Eldredge and Weiss gain berths Weiss misses on attempt at quad Lutz

videotape shows jump two-footed

January 09, 1998|By Don Markus | Don Markus,SUN STAFF

PHILADELPHIA -- Michael Weiss made history and stole the spotlight last night here at the U.S. Figure Skating Championships. But he didn't quite land his biggest jump or his biggest prize.

Weiss became the first male skater to attempt a quad Lutz at a major championship and, just as he did on his quad toe loop at last year's nationals, narrowly missed making a clean jump.

This time, videotape replays weren't needed to see that Weiss two-footed the jump. But they were used anyway to just make sure. Even Weiss knew it.

"I knew it was flawed," Weiss said after finishing his long program at the CoreStates Center and finishing second to Todd Eldredge overall. "I knew it was close. My other foot touched the ice."

Weiss, 21, also later missed on one of his combination jumps. Though his scores were booed by the crowd, Weiss was diplomatic about the judging and complimentary of Eldredge.

And why not?

While Eldredge was winning his fifth U.S. championship -- equaling a record set by Dick Button in 1952 -- Weiss had secured his first Olympic invitation.

Eldredge and Weiss will represent the United States next month Nagano, Japan.

"I came very close to getting the national championship," said Weiss, who finished second behind Eldredge at the nationals for the second straight year. "Todd is a five-time champion. He's a tremendous athlete."

Asked about being an Olympian, Weiss said, "It feels great to be going back to the same country my Dad was in. [Greg Weiss was a gymnast at the 1964 Summer Games in Tokyo.]"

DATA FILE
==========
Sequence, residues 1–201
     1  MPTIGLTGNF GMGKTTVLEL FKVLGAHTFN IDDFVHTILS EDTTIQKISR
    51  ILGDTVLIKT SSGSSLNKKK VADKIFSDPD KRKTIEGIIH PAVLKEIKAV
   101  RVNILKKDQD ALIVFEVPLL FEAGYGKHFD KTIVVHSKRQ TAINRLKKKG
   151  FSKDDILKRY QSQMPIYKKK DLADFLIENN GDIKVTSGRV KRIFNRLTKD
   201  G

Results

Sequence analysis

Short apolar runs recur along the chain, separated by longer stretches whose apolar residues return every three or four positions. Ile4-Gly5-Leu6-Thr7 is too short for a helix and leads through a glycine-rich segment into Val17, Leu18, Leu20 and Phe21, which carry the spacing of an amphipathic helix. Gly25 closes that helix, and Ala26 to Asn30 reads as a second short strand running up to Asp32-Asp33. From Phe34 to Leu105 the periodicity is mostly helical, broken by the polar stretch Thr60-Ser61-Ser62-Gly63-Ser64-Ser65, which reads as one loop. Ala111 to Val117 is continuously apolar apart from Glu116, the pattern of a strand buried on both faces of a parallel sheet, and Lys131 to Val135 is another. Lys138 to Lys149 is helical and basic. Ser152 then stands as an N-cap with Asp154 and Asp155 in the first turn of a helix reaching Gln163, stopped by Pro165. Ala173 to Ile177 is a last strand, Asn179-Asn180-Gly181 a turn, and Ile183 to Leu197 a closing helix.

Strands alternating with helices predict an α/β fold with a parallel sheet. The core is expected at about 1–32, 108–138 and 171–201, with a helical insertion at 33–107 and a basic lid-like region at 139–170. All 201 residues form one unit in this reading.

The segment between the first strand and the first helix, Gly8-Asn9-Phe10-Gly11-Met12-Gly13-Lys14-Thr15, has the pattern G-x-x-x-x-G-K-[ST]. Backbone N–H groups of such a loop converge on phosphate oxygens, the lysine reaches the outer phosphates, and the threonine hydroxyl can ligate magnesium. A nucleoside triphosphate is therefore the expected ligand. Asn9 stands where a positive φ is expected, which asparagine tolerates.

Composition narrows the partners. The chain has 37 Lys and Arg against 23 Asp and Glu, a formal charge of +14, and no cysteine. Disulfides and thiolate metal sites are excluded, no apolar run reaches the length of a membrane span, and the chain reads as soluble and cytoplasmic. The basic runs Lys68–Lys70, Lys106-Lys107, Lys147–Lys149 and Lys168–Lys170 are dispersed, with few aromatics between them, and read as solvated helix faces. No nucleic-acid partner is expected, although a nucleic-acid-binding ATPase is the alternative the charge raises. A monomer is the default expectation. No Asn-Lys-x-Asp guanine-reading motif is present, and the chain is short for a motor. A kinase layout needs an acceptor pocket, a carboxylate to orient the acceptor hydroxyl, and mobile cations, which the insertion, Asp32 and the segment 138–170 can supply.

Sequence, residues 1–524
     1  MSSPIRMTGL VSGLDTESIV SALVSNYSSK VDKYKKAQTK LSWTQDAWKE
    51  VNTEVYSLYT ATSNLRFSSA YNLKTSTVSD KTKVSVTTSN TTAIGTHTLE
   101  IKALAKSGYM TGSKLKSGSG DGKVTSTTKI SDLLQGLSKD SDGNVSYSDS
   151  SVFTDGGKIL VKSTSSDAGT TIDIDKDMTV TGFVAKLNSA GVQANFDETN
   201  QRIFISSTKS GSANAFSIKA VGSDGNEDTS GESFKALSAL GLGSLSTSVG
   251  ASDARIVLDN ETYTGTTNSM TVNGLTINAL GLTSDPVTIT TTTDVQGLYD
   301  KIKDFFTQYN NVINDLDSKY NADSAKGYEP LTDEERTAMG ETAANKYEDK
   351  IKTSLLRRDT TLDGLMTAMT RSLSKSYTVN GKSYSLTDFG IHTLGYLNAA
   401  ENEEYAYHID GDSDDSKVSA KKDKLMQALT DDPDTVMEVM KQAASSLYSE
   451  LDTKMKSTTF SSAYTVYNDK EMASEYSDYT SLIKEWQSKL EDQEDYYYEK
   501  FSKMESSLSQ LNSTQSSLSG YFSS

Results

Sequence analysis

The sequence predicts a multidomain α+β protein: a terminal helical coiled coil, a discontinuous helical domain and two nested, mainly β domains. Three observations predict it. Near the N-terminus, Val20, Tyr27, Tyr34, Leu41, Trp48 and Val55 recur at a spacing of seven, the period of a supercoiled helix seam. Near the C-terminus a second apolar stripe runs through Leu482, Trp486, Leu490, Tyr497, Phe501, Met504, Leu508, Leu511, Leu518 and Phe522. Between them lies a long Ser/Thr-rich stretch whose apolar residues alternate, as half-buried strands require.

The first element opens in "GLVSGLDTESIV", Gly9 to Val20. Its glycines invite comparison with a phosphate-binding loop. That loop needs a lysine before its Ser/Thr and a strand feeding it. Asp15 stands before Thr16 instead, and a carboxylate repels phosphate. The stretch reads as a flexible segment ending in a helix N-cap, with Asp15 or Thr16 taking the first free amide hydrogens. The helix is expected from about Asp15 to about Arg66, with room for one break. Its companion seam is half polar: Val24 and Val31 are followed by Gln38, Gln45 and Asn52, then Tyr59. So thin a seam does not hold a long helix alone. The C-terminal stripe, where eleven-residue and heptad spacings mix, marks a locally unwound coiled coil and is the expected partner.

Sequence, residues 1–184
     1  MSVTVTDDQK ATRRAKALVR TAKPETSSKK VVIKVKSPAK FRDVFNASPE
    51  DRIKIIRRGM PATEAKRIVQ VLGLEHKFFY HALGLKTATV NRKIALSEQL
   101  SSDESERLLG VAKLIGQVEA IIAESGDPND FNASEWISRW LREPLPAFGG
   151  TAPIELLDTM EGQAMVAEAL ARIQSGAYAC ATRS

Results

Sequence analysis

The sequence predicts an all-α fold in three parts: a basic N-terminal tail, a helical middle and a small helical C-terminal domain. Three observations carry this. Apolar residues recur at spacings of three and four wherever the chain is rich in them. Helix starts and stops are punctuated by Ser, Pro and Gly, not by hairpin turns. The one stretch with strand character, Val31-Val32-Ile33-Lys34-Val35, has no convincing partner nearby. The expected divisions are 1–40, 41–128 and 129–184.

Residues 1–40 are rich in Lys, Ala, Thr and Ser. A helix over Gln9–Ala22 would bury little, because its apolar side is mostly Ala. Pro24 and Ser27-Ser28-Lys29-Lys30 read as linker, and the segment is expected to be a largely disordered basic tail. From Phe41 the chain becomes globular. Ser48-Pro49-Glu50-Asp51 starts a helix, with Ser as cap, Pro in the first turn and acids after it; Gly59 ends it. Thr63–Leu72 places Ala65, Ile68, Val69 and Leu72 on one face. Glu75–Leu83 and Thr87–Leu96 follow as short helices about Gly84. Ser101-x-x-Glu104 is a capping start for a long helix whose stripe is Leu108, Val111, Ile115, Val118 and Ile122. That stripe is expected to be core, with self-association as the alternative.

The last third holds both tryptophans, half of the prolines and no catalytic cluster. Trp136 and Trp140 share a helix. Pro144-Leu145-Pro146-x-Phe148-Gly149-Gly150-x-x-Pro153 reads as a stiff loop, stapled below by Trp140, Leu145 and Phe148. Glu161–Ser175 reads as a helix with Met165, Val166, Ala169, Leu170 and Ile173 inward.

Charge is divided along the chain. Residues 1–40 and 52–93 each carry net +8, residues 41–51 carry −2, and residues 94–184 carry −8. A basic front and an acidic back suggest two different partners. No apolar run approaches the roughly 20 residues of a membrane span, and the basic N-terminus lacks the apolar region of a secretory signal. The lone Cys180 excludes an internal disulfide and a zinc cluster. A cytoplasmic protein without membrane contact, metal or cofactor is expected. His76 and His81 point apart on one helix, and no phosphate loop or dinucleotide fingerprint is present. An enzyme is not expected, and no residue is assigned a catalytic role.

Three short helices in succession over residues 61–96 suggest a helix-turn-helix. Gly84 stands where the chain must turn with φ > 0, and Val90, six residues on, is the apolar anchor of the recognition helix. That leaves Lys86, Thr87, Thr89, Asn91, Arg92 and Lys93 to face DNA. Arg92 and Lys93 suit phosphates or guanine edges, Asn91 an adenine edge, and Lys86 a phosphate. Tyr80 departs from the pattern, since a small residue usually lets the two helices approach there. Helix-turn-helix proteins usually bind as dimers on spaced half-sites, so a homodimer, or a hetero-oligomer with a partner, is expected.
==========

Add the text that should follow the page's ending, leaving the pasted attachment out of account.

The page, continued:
Weiss' attempt at a quad Lutz came in the first 45 seconds of his five-minute program. After completing the four revolutions, his touchdown to the ice touched off a roar from the crowd. Most believed he had landed it cleanly.

But even from his seat close to the ice, chief referee Dick Fitzpatrick knew Weiss had double-footed the jump.

"It was an absolutely excellent attempt but you could see snow come from the area of the second foot," said Fitzpatrick. "The program itself was tremendous."

Fitzpatrick said that considering its historic significance, he checked the videotape just to confirm what he believed all along. Weiss wound up receiving five 5.8s and four 5.9s for technical merit and four 5.7s, two 5.8s and two 5.9s for presentation.

It was not enough to beat Eldredge, who fell on a previously unscheduled quad toe loop at the beginning of his long program but wound up hitting six other triple jumps. With the victory, Eldredge will now go to Nagano with his confidence renewed and his status as his country's top male medal hope secure.

"I've had a tough year, but I think I'm in pretty good shape going into the Olympics," said Eldredge, 26.

Asked if he added a quad to his program in preparation for what he might face in Japan, both from foreign competition as well as from Weiss, Eldredge said, "It was more a personal thing. I just wanted to see if I could do it."

Eldredge watched to see if Weiss landed his quad Lutz, considered a much more difficult jump than the quad toe.

"Anyone who tries a quad, it's a great effort," said Eldredge. "He came really close."

NOTE: Elizabeth Punsalan and Jerod Swallow closed in on their fifth national title yesterday, adding the original dance to their victory in compulsories. They figure to capture their third straight championship tomorrow in the free dance. Punsalan and Swallow could equal the U.S. record of five crowns. Judy Schwomeyer and James Sladky (1968-72) and Judy Blumberg and Michael Seibert (1981-85) also did it, but consecutively. Punsalan-Swallow won in 1991, '94 and the last two years.

Pub Date: 1/09/98

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